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Exhibition at the Lower Belvedere presents a wide variety of approaches to the topic of aging
Exhibition view "Aging Pride". Photo: Johannes Stoll, © Belvedere, Vienna.

VIENNA.- Of all the stages in life, none has such controversial associations in our society as old age. While on the one hand the advertising industry coins new enticing labels for the growing market of over sixty-fives, such as woopies, “Best Agers,” or golden agers, on the other, people only in their fifties find themselves excluded from the job market. The movie industry shows us sprightly young-at-heart seniors; the cosmetics industry reinforces the prevailing cult of youth with a multitude of anti-aging products. In the discussion about old age, artists have often presented alternatives to the usual model. Aging Pride presents a wide variety of approaches to this topic in historical and contemporary art. This first cross-media exhibition about this highly topical subject can be seen at the Lower Belvedere from 17 November 2017 to 4 March 2018.

Stella Rollig, CEO of the Belvedere, said: “Dealing with old age is one of the major issues of our time, especially as life expectancy is clearly increasing. But instead of valuing age, there exists real discrimination and exclusion. The Belvedere’s exhibition shows images of old age that radiate strength, beauty, and joy: the power of life’s later years.”

You have to live a long time “to become young,” believed Pablo Picasso, who in the last two years of his life created around 200 works and was ninety-one when he died. Picasso is just one of the 105 artists featured in the Belvedere’s current exhibition totaling 174 works. They all ask urgent questions raised by age and aging in our society. For aging is not only a biological process but also a cultural construct. Currently it is not regarded as a natural stage in our lives like childhood, adolescence, and adulthood. Terms like “anti-aging” frame the aging process as something pathological requiring treatment. Today’s model sees old age as a deficiency and largely marginalizes old people. Furthermore, “doing aging” hits women harder than men. The ideal of beauty, stretching back centuries, still mainly judges women by their youthfulness, is swifter to regard them as old, and filters them out of the public eye earlier.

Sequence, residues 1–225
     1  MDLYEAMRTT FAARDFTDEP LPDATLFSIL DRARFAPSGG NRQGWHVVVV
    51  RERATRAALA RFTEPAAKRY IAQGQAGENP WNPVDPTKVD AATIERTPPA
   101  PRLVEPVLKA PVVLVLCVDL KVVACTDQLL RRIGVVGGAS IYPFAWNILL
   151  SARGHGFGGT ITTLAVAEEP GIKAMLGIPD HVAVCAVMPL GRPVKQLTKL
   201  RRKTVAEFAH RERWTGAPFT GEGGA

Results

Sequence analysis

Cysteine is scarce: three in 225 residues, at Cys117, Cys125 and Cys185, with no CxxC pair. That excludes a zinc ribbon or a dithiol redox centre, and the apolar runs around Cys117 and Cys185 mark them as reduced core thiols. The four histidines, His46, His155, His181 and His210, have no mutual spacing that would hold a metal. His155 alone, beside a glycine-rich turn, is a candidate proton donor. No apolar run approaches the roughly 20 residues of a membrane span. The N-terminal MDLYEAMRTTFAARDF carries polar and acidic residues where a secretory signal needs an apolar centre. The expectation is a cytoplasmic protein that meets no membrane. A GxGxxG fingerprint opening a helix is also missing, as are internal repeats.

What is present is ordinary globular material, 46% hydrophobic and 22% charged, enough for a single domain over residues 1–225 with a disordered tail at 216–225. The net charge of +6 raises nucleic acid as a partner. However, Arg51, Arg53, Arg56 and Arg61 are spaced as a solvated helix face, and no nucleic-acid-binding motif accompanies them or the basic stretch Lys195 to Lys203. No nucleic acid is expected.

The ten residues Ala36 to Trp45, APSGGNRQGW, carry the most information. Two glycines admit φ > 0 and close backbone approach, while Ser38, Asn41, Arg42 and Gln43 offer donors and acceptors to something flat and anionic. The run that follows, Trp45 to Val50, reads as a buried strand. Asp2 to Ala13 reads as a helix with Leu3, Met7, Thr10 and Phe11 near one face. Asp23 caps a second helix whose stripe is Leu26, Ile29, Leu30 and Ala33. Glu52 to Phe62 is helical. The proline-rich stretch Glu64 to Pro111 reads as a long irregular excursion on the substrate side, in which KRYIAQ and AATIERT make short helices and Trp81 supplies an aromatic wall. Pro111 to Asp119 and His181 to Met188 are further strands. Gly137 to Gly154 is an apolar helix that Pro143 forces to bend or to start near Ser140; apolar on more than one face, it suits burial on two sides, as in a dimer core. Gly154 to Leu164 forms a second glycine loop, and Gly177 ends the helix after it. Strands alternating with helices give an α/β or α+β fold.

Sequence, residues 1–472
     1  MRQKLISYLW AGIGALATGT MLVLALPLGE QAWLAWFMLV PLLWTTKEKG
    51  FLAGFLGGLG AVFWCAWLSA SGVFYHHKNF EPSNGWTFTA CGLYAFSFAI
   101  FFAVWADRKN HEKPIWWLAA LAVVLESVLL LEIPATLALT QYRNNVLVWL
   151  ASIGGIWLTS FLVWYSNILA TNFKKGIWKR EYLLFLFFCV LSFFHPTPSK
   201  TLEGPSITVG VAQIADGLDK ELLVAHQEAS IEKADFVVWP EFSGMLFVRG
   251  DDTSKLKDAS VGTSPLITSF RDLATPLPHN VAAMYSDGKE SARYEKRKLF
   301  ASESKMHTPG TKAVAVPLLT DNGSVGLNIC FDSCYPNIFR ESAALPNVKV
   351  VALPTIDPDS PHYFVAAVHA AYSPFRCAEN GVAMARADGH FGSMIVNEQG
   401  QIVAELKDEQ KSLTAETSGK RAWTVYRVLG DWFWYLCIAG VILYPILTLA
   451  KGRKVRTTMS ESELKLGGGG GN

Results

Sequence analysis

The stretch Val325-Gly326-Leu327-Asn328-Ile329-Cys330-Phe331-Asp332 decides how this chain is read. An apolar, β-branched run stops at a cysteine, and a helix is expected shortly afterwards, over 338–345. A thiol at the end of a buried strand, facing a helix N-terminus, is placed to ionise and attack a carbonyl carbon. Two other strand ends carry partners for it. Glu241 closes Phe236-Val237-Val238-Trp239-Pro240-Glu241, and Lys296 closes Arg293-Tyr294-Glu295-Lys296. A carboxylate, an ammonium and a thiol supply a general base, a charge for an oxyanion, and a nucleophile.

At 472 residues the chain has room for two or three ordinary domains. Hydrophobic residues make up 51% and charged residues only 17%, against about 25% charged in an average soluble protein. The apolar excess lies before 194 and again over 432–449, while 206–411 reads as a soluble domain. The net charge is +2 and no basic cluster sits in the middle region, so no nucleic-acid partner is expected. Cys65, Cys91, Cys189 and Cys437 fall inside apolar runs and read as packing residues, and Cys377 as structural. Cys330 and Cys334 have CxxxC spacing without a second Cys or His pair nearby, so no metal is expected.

Curator Sabine Fellner poses the question: “Does our society need coaching in how to cope with the last stage in life and, if so, why? Is there a lack of appropriate role models and examples? Can art offer ‘alternative’ concepts?”

A different view of old age has been presented by Future Studies for quite some time. Instead of lamenting an aging society, it calls for life’s phases to be redefined and age to be seen in an affirmative light, highlighting the advantages of increasing life expectancy. Artists also subscribe to an alternative view of the last stage in life and illustrate that old age can indeed represent experience, wisdom, power, contemplation, dignity, joie de vivre, a triumph over social conventions, and productivity. Maria Lassnig, for example, carried on developing her painting up until her death at the age of ninety-five; artists like Arnulf Rainer, Daniel Spoerri, Joan Semmel, and Margot Pilz continued their creative work into their eighties.

This exhibition examines representational traditions with regard to gender roles and the assignment of roles. It juxtaposes the current discourse with images of age and aging approximately covering the last one hundred years.

New perspectives on old age emerge and are based around six themes in the exhibition: Eternal Youth/Impressive Age, Mortality, Solitude/Solidarity, New Freedom, Leisure, and Memory. Instead of romanticizing or being pessimistic about old age, artists have approached the opportunities and limitations of aging in realistic and nuanced ways, sifting out its specific qualities. In various artistic media, they examine the subject critically, empathetically, but also with irony, wit, and humor, and illustrate how we can integrate and value all the aspects of old age in our lives and enjoy solidarity between the generations.

Presenting international perspectives, this exhibition features numerous works from the Belvedere’s collection in addition to high-profile loans from Austrian and international museums and collections.

Curator: Sabine Fellner

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